Jason from El Topo Bookings

Copyright Lies Praet

We found Jason, who is the force behind "El Topo Bookings" and organises shows in Mol, a small city in Belgium. We asked him why and how he makes things happen.

 

So, Jason, tell us something about yourself. Who are you and what do you do for the music scene?

Who am I? Let’s just keep it simple: I’m a 21-year-old male Public Relations student (about to graduate, actually) from the big city of Antwerp who lived in the tiny town of Mol for about half his life. Just like every normal human being I have a few hobbies, and just like most people in the scene, I’ve allowed the hobby “music” to grow into something that could probably be described as an obsession.
As to what I do for the music scene: apart from supporting bands by visiting shows and buying merch, I’m a promoter/booking agent. As El Topo Bookings I put on around 10 ska/punk/reggae/folk shows per year, including a two-day festival, and I book a few short tours. Apart from that I also book bands for Chili Con Rock, a festival hosted by a charity organisition in Mol that I’m a member of.

 

A good show is a good show, regardless of the size of the town it’s in.

Jason, El Topo Bookings.

So you are the force behind "El Topo Bookings", what made you decide to put on shows?

It all started with Chili Con Rock, in fact. I was already involved in that festival before I was asked to help select the line-up. Back then I had been frequenting shows for about a year or so, so people knew I knew a lot of underground acts. That was for Chili Con Rock 2011. That same summer I decided to host an all-day birthday party for myself, featuring 7 bands or so. It was a bit of a mess – I barely knew any of the “technical” stuff, so for instance when bands asked if they could share backline I didn’t have a clue. Rookie mistakes, I guess? It was a lot of fun though, so I thought: “Why not do this more often?”. After all, Mol used to have a pretty big punk scene back in the day – Kickass Records was founded here, for instance. There hadn’t been any punk shows in Mol for about a year and a half, so I figured there was definitely a need for them. It took a while to get started – the first show was in March 2012 – but ever since El Topo’s been growing steadily, so I guess my hunch was correct.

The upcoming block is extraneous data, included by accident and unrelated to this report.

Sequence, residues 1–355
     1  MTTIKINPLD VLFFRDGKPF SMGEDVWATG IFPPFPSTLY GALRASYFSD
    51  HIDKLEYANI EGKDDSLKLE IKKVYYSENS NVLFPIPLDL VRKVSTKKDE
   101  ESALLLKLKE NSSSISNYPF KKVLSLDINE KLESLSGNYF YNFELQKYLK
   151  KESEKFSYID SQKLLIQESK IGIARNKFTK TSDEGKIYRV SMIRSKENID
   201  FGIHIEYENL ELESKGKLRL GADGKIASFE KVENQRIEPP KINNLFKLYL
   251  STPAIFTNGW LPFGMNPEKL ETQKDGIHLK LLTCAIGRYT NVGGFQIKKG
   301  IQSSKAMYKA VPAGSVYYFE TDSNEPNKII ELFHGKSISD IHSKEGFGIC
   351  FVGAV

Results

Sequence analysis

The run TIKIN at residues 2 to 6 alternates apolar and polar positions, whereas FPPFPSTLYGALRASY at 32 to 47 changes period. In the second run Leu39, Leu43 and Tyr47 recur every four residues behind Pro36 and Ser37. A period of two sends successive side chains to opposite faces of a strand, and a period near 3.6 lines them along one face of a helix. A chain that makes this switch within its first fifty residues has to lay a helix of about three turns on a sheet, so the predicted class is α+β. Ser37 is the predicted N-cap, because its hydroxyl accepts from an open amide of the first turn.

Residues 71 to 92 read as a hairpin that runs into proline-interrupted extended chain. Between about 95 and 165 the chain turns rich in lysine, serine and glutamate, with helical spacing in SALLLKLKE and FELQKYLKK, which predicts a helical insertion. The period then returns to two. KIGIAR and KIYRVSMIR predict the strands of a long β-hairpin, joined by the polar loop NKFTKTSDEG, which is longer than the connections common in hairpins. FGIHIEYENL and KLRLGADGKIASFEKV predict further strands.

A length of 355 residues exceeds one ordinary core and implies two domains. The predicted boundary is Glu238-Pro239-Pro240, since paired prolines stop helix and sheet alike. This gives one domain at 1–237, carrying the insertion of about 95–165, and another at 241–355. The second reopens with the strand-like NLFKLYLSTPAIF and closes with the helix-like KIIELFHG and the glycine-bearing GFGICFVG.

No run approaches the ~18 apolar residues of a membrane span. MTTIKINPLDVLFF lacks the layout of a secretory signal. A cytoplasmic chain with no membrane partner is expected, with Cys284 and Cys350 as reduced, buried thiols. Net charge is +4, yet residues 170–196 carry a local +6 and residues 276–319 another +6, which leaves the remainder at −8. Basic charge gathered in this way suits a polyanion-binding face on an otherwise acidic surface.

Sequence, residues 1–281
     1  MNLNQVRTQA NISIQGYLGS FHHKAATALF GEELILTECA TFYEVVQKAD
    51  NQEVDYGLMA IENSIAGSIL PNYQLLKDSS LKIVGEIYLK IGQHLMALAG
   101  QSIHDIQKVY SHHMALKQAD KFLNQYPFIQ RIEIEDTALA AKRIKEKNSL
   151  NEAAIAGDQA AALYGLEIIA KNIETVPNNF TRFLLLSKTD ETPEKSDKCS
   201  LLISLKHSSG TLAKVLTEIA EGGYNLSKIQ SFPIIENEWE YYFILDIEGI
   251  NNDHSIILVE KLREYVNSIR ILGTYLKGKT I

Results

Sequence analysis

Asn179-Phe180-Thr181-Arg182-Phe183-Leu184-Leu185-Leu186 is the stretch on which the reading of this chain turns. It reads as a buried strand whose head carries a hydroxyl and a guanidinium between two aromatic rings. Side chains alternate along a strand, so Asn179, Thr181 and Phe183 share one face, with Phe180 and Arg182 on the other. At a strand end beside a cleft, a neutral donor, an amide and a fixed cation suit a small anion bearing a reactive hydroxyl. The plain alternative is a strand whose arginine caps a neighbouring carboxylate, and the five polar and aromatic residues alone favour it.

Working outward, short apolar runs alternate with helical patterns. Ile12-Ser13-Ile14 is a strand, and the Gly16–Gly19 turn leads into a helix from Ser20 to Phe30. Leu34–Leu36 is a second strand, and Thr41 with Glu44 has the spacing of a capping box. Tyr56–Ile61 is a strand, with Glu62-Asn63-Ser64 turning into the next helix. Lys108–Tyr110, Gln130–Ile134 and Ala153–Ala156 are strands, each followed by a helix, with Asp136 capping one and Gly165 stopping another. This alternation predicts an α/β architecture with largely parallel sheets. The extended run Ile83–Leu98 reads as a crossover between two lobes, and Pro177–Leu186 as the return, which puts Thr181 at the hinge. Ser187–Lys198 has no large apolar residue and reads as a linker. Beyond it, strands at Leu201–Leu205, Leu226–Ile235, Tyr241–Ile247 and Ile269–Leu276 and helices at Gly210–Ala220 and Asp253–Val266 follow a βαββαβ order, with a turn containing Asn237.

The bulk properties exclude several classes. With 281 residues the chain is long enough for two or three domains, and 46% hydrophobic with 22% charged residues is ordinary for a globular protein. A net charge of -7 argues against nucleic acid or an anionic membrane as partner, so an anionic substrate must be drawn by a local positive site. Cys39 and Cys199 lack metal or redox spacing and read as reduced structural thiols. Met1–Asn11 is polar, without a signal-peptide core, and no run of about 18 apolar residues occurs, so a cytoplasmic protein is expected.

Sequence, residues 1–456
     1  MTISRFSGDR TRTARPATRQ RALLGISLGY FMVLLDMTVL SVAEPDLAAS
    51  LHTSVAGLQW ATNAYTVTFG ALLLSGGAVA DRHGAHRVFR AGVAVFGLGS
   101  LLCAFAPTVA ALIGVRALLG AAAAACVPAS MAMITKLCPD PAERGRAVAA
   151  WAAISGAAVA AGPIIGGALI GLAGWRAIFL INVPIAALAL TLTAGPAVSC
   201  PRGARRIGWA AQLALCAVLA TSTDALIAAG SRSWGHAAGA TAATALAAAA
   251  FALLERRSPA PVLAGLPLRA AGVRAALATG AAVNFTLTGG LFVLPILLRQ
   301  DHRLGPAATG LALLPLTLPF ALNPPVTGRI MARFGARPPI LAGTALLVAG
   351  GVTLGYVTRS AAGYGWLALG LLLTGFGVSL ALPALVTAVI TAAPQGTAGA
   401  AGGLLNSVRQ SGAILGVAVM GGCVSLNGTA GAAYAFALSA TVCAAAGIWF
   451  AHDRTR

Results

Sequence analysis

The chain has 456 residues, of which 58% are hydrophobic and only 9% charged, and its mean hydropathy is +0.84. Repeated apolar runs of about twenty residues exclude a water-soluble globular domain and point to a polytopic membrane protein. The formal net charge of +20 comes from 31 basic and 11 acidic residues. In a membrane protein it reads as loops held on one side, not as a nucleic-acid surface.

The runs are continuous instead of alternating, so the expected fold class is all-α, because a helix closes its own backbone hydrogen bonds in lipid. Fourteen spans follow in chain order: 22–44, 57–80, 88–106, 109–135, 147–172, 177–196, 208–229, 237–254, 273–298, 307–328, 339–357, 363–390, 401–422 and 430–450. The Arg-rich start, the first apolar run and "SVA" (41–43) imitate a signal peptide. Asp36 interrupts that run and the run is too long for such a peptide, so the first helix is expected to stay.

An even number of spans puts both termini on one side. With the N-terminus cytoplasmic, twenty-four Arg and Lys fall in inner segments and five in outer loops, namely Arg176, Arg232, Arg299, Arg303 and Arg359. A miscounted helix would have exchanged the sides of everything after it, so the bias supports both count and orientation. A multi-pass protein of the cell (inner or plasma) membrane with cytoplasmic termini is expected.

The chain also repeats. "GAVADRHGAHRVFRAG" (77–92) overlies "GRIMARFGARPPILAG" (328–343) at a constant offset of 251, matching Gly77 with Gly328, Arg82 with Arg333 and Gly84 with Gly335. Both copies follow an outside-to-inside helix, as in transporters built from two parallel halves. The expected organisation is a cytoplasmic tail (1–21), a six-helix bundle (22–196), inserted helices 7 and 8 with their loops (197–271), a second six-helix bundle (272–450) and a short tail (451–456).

Isn't it difficult to get bands to come to a small city (Mol)? How do you find these bands?

I think the size of town doesn’t have much to do with it. If anything, smaller towns are better for small bands – after all, big cities have a tendency to close down small venues. Totally not looking at you, Antwerp. It doesn’t matter that much to bands anyway – a good show is a good show, regardless of the size of the town it’s in. The bands I put on don’t seem to mind anyway, because new bands often come to me because so-and-so of band whatever has been talking me up. That’s one way of getting bands to play Mol, and by far the most satisfying. Apart from that, it’s mostly sending out a shitload of e-mails, either to booking agents or DIY bands, asking them to be put on the mailing list for when they’re ever booking a tour. I find Facebook to be an amazing tool for discovering new bands – just follow a band you like, and when they share an event page for a show they’re playing, check out all bands on the bill. That’s right, all that time I’m staring at Facebook is actually spent productively… or at least some of it.